Lithium niobate and lithium tantalate are generally considered to be the most versatile crystals for all electro-optic applications. High optical quality lithium niobate and lithium tantalate both use the Pockels effect in the transverse voltage mode as light switches for phase modulating devices. In regard to the characteristics and applications of lithium niobate and lithium tantalate, reference is made to the data sheet issued in November, 1985 by Crystal Technology, Inc. of Palo Alto, Calif.

The Pockels effect is described at page 265 of the text "Optics" by Eugene Hecht and Alfred Zajoc, published by Addison-Wesley Publishing Company.

In a particular configuration, the effective index of refraction of a confined optical path is increased by the application of a voltage across two pads that straddle the confined optical path. The field pattern within a crystal substrate of lithium niobate, for example, resulting from this gradient is impressed across the axis of the confined propagation path. An arrangement such as this can be optimized for a nominal center frequency and bandwidth which produces a voltage related effect on the phase of light waves so as to be highly useable in fiber optics applications. One such use would be in fiber optic angular rate sensor or gyroscope (gyro) applications, where it is possible to null out the Sagnac induced phase changes produced in a fiber optic coil under the influence of a rotational rate.

Integrated optics chips of the type described have the ability to shift light phase in response to digital commands. The complexity of a separate digital to analog converter arrangement is undesirable, since it results in larger packages and noise sensitivity while decreasing reliability and performance stability.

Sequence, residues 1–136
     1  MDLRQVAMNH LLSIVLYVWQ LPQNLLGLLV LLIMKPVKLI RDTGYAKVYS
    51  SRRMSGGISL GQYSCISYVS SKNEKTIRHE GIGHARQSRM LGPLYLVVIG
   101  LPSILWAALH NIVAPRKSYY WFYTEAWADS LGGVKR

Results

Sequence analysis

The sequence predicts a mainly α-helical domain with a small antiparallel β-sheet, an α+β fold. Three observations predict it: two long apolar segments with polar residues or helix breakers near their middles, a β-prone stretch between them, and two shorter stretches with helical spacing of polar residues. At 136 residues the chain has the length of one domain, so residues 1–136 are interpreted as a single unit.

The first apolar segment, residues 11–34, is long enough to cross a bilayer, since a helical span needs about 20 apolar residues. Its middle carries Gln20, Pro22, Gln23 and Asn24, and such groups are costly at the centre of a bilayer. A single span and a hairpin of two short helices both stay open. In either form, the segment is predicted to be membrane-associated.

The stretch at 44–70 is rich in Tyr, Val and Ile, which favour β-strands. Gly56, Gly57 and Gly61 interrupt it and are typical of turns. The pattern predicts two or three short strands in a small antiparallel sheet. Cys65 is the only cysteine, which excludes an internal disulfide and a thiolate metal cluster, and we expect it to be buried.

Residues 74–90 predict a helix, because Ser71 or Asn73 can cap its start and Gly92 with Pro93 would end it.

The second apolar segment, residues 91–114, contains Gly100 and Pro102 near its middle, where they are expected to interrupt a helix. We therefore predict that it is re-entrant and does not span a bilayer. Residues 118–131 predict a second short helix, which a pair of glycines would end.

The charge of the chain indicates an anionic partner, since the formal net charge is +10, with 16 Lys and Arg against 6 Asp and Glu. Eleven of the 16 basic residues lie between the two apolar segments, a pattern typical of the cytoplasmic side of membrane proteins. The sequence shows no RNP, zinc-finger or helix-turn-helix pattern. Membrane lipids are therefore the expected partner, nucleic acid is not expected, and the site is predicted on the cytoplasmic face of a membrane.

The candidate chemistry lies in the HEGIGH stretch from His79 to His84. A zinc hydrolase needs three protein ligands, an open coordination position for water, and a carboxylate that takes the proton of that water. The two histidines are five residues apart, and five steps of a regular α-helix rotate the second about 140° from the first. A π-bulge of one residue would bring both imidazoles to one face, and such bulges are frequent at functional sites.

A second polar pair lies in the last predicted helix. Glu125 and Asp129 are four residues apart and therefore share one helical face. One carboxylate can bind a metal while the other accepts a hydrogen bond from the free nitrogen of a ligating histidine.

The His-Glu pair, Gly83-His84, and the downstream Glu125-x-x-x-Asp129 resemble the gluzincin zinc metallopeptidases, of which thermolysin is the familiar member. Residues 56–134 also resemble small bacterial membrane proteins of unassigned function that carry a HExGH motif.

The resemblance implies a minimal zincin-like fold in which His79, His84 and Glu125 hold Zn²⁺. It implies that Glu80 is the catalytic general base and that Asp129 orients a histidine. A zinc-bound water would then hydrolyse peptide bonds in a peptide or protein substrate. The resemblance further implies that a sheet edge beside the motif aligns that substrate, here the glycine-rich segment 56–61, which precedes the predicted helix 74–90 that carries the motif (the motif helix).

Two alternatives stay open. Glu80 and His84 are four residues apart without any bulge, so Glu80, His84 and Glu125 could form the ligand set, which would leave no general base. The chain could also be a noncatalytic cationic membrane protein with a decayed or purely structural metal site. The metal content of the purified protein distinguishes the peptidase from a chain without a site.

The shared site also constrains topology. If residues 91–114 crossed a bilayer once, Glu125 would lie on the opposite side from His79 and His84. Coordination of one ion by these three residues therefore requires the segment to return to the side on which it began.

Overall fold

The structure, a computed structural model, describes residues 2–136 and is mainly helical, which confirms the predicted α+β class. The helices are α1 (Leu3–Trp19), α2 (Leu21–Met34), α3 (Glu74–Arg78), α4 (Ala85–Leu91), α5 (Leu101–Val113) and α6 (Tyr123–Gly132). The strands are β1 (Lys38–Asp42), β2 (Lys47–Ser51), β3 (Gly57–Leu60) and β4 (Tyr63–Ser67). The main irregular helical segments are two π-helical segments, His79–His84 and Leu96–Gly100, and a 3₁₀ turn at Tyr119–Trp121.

Thus, the primary object of the present invention is to provide an arrangement for easily achieving a desireable digital phase modulation capability within an integrated optics chip without resorting to separate digital to analog voltage converter apparatus.

SUMMARY OF THE INVENTION

This invention contemplates a fiber optic angular rate sensor of the type wherein light from a light source is applied to an optical fiber via a coupler to a splitter/phase modulator, whereby the light is directed into both ends of a fiber optic sensing coil for traveling around the coil in clockwise and counterclockwise directions. Light exits the coil and is recombined by the splitter/phase modulator, and is thereupon applied to a detector via the coupler. The detector converts the light energy into an analog electrical error signal corresponding to the phase difference between the clockwise and the counterclockwise traveling light.